Fans in Toronto aren’t the only ones preparing to gather en masse to cheer on the Raptors in Game 6 on Thursday night. Satellite Jurassic Parks have popped up across the country and even south of the border, including in one beloved star’s hometown in Illinois.
Inspired by Toronto’s famed outdoor fan zone, officials at the Rockford Area Convention & Visitors Bureau organized their own Jurassic Park so fans could cheer on hometown hero Fred VanVleet in the NBA finals.
“We were inspired by the Jurassic Park experience that you’re all experiencing in Toronto and across Canada and thought we had to replicate that here in his hometown,” John Groh, the CEO of the Rockford Area Convention & Visitors Bureau, told CTV News Channel on Thursday.
The Raptors’ point guard began his basketball career playing for his high school’s team in Rockford before attending college. Since then, he has helped the Toronto Raptors reach the NBA finals for the first time in the team’s history.
“It’s certainly been exciting to see Fred be an awesome contributor to his team over the past season and in the finals,” Groh said.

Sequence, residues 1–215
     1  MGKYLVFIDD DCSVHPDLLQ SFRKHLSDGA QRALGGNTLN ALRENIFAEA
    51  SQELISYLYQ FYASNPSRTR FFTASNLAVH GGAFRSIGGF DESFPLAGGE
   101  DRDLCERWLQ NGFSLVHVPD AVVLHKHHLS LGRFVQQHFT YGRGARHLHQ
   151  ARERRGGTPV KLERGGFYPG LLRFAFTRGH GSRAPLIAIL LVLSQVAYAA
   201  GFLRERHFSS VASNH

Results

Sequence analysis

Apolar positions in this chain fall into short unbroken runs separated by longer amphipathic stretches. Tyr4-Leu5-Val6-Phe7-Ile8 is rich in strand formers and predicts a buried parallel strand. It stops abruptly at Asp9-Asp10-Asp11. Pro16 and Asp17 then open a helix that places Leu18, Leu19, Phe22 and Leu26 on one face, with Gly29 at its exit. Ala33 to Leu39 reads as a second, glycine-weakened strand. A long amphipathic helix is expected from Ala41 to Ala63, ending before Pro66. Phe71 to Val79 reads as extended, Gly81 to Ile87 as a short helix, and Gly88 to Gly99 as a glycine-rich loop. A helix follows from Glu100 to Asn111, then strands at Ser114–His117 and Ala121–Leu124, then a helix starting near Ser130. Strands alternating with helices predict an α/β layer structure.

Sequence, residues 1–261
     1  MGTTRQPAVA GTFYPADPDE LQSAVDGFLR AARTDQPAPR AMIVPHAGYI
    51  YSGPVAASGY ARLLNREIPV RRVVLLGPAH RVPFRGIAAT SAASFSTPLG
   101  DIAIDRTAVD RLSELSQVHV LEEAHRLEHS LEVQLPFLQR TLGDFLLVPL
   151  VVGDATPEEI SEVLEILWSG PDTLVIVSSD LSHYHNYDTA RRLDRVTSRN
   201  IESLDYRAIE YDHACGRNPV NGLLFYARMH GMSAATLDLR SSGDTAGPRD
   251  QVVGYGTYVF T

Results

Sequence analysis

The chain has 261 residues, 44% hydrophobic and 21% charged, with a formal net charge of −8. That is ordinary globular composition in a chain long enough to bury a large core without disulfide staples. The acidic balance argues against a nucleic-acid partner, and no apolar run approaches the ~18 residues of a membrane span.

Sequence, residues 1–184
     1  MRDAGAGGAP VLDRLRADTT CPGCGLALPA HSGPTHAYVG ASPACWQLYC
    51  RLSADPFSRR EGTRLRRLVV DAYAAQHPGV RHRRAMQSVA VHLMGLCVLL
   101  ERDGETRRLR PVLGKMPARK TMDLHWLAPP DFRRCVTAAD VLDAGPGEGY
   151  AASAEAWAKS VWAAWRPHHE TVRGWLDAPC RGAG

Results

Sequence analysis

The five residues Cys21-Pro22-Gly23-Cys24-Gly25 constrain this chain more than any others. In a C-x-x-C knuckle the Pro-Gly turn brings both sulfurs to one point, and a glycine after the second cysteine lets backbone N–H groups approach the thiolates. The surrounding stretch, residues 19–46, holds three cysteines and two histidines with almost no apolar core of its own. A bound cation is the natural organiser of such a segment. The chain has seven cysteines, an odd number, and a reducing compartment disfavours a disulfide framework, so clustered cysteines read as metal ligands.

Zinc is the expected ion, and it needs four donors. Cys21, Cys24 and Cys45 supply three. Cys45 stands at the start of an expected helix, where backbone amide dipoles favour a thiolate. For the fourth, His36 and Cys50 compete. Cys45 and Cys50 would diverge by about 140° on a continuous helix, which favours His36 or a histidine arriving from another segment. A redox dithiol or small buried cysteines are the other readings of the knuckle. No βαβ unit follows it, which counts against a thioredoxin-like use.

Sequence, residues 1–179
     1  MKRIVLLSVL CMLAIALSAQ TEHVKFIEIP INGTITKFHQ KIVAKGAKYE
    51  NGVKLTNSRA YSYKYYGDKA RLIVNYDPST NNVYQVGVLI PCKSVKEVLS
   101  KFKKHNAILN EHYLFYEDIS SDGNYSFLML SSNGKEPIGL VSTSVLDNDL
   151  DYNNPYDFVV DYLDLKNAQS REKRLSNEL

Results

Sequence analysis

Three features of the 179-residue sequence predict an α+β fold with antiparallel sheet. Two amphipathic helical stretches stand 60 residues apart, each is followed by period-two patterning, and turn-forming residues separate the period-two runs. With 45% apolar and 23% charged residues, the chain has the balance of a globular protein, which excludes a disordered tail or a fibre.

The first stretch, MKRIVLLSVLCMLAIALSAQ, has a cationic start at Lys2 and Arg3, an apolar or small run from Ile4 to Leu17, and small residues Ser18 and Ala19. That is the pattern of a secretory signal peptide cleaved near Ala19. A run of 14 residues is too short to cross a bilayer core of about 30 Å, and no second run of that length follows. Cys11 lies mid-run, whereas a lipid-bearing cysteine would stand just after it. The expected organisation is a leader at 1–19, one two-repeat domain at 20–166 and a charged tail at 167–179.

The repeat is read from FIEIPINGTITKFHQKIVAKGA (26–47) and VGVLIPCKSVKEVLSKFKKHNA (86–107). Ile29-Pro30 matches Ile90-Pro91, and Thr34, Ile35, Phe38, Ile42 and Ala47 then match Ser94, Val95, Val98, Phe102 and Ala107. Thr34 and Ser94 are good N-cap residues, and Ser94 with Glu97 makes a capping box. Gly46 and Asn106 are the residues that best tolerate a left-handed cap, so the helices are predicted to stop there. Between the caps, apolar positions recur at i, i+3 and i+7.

In fact, the residents of Rockford are so excited for VanVleet that they came out in the thousands to the City Market pavilion to watch him play against the Golden State Warriors in Game 5 on Monday night.
“We had about 3,500 people who showed up last night and we expect that number to grow on Thursday night for Game 6,” Groh said on Tuesday. “It was a great big party and a lot of fun.”
The city’s mayor said that despite his success on the court, VanVleet always returns to his hometown to give back to the community that raised him.
“You guys see him as a top, really smart basketball player, really talented basketball player, we see that too, but we also see him as someone who really cares about the community,” Rockford Mayor Tom McNamara told CTV’s Your Morning on Thursday.
The mayor said VanVleet regularly returns to his hometown to visit children in hospitals and speak to teenagers in high schools about social issues, such as dating violence.
“He’s just an incredibly thoughtful, really compassionate young man so we are fortunate to call him ours,” McNamara said.
Groh said VanVleet runs a summer camp every year for children in Rockford as one of the city’s sports tourism ambassadors.
“I think he’s giving back to the community that launched him out into the world,” he said. “We’re just really proud of him.”
As excitement ahead of Thursday night’s game reaches a fever pitch in Toronto and Rockford, Groh said he’s counting on VanVleet’s professionalism to help his team to victory.
“He’s very determined, he’s very focused, he’s hard working, and he has been the underdog, people have not always expected him to rise, but he always rises to the highest levels of play on the court and off and we expect that to continue to be the case for Game 6,” he said.